How to Use Common Tag Format: Tagging Content

Common Tag is an open tagging format developed to make content more connected, discoverable and engaging. Unlike free-text tags, Common Tags are references to unique, well-defined concepts, complete with metadata and their own URLs. With Common Tag, site owners can more easily create topic hubs, cross-promote their content, and enrich their pages with free data, images and widgets.

Belgrade, Edmonton, Galway, London, New York, and San Francisco (PRWEB) — A group of Web companies announced today the development of a new tagging format for Web pages called Common Tag. The companies–AdaptiveBlue, DERI (NUI Galway), Faviki, Freebase, Yahoo!, Zemanta, and Zigtag–offer services that help publishers use semantic tagging to make their content more discoverable, connected, and engaging.

People have long used tags to organize, share and discover content on the Web. However, in the absence of a common tagging format for Web content, the benefits of tagging have been limited. Individual things like New York City are often represented by multiple tags (e.g., “nyc”, “new_york_city”, and “newyork”), making it difficult to organize related content; and it isn’t always clear what a particular tag represents – does the tag “jaguar” represent the animal, the car company, or the operating system?

Semantic tagging is an important next step in the evolution of the Web. When we add semantic meaning to tags, the content that is tagged becomes significantly easier for machines to understand. That in turn allows for the development of more intelligent applications for aggregating, searching, and browsing the Web. The Common Tag format was developed to address these shortcomings and help everyone–including end users, publishers, and developers–get more out of Web content. With Common Tag, content is tagged with unique, well-defined concepts – everything about New York City is tagged with one concept for New York City and everything about jaguar the animal is tagged with one concept for jaguar the animal. The Common Tag format also provides access to useful metadata that defines each concept and describes how the concepts relate to one another. For example, metadata for the Barack Obama concept indicates that he’s the President of the United States and that he’s married to Michelle Obama.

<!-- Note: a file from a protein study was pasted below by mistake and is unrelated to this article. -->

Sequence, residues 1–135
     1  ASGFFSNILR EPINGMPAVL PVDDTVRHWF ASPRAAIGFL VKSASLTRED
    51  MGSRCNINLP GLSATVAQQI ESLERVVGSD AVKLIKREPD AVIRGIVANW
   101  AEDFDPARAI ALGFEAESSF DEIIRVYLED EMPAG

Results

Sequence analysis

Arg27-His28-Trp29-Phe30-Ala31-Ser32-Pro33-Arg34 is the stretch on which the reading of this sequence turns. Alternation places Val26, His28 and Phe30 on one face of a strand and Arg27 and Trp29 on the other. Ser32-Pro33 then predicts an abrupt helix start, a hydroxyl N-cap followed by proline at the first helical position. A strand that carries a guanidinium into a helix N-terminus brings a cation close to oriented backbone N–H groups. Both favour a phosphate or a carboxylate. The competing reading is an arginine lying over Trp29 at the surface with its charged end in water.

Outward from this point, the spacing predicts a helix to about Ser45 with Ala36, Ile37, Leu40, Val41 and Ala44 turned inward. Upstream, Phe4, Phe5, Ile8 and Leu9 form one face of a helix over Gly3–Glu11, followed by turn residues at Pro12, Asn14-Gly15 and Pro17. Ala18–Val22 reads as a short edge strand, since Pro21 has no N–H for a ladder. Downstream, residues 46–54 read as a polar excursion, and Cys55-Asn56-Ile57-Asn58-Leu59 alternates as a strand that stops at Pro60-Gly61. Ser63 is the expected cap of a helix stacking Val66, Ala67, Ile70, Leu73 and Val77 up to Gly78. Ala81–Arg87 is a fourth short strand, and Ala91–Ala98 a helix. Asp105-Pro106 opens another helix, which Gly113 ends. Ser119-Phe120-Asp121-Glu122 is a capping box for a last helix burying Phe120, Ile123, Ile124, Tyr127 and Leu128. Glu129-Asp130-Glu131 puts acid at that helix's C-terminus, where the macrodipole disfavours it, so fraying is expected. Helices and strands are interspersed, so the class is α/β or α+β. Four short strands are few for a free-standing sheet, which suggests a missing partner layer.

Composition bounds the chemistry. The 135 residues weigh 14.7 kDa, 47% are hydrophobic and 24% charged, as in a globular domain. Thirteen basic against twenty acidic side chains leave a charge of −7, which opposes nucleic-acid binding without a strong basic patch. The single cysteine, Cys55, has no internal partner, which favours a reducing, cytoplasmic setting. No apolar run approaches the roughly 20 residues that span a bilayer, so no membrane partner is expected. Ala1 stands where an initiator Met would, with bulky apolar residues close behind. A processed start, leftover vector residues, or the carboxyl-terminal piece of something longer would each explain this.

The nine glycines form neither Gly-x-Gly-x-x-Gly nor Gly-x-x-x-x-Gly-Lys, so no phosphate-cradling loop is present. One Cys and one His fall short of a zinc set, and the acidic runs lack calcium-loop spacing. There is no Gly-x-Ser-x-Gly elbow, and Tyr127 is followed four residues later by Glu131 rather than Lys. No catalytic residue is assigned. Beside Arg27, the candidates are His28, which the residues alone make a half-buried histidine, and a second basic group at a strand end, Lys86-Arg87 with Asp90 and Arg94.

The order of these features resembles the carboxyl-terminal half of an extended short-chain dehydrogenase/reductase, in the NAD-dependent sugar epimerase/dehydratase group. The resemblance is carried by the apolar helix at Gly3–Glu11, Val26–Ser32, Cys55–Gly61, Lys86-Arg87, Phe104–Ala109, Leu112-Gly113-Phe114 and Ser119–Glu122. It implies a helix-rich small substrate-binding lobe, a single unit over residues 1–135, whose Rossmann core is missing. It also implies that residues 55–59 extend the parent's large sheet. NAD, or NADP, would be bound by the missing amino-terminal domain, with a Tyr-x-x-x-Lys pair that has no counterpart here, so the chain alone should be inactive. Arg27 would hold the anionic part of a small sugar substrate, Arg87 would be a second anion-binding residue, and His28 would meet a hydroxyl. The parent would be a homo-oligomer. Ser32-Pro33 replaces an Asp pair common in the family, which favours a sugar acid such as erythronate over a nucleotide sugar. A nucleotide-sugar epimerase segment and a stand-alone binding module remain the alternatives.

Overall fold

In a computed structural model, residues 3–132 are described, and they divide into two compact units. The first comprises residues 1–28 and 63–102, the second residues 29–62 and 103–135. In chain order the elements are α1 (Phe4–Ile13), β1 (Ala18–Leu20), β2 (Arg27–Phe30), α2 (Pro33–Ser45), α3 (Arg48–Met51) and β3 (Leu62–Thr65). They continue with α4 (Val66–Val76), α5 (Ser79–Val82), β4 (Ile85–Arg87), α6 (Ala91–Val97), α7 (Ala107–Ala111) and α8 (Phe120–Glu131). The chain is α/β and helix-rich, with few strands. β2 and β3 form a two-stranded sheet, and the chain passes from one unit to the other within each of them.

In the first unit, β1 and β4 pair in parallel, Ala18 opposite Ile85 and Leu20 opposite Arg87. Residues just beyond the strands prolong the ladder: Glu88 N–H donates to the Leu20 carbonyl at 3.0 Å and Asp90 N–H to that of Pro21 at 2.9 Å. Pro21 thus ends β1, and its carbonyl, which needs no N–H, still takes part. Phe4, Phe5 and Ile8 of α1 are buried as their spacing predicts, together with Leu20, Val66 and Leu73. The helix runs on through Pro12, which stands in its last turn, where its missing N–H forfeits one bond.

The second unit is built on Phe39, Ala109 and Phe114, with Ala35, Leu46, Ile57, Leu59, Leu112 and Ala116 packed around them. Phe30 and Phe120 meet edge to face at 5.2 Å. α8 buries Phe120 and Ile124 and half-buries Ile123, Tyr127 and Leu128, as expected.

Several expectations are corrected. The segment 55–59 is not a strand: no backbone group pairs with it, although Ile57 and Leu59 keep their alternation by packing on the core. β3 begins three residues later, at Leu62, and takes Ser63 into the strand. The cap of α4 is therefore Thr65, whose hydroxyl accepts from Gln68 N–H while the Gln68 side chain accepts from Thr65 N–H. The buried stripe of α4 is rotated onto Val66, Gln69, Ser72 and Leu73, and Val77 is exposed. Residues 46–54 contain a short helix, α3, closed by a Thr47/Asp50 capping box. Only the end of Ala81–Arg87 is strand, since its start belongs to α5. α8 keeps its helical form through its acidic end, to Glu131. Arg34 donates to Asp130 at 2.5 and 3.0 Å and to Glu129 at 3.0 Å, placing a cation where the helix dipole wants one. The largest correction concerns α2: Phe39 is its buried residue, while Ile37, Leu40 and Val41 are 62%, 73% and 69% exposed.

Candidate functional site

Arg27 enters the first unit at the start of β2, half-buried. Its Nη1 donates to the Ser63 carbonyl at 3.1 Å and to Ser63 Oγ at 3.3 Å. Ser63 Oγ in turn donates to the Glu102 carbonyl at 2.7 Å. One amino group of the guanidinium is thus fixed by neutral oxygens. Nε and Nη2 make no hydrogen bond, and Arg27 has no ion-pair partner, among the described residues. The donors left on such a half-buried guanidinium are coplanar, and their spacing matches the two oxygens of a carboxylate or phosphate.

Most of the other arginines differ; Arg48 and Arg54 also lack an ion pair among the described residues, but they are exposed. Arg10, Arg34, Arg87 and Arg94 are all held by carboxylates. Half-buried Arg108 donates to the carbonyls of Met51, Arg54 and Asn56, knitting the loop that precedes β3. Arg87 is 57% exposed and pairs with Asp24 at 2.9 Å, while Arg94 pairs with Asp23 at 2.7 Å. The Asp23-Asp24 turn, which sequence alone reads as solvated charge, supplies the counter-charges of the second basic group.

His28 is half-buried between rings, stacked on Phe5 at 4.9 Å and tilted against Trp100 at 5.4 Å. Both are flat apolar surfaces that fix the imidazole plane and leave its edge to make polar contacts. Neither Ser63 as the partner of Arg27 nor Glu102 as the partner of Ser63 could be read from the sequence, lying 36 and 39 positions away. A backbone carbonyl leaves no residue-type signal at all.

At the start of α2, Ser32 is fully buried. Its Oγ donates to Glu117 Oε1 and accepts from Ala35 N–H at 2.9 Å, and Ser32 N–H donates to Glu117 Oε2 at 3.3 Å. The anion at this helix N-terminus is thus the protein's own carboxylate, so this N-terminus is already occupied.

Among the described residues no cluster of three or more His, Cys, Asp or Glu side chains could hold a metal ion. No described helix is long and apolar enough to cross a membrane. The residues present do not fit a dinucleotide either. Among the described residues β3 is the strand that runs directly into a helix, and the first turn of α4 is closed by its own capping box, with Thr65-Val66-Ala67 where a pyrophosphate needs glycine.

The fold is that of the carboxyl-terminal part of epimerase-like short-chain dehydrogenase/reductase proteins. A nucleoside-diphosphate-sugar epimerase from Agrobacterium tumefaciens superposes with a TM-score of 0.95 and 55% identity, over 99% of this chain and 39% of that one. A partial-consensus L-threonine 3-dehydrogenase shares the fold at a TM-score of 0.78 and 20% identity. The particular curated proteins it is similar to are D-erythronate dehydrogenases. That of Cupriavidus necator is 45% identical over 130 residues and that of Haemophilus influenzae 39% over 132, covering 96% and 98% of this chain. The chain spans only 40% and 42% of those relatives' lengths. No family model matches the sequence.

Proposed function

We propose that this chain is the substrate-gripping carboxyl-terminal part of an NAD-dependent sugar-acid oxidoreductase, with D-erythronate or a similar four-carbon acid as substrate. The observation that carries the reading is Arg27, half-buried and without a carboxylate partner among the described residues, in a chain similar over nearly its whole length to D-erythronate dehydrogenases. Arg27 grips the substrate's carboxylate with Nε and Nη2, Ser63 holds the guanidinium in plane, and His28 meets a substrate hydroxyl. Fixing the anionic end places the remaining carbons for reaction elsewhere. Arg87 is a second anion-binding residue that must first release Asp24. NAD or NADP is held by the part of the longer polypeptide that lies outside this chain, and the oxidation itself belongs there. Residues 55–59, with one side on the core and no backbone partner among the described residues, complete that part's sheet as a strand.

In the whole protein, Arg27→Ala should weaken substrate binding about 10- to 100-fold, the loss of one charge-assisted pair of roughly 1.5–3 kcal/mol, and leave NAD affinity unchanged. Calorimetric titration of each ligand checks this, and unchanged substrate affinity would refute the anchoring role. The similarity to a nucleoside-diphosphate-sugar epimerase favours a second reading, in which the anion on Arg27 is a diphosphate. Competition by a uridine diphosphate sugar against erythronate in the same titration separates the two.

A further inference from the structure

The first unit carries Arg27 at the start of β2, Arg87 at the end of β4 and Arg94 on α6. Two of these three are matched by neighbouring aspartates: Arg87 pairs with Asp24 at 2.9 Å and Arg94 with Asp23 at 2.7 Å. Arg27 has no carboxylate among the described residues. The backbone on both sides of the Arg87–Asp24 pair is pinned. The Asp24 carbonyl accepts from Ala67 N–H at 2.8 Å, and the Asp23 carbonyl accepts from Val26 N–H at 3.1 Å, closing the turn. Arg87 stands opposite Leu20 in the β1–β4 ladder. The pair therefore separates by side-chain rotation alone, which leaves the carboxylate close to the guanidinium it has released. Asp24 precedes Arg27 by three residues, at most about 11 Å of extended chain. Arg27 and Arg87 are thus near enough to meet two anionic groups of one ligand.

Peter Mika from Yahoo! Research emphasized, “Semantic tagging is an important next step in the evolution of the Web. When we add semantic meaning to tags, the content that is tagged becomes significantly easier for machines to understand. That in turn allows for the development of more intelligent applications for aggregating, searching, and browsing the Web.”

Using the Common Tag format
The organizations that developed the Common Tag format offer a range of services that help publishers and bloggers take advantage of semantic tagging: a standard and extensible set of tags, simple tools to relate those tags to web page content, and services that help users discover tagged content from other sites and popular search engines.

To tag their content using Common Tag, publishers can use automated tagging tools like those offered by Zemanta or tag their content themselves. Social tagging services like Faviki and Zigtag also allow end users to tag content using the Common Tag format.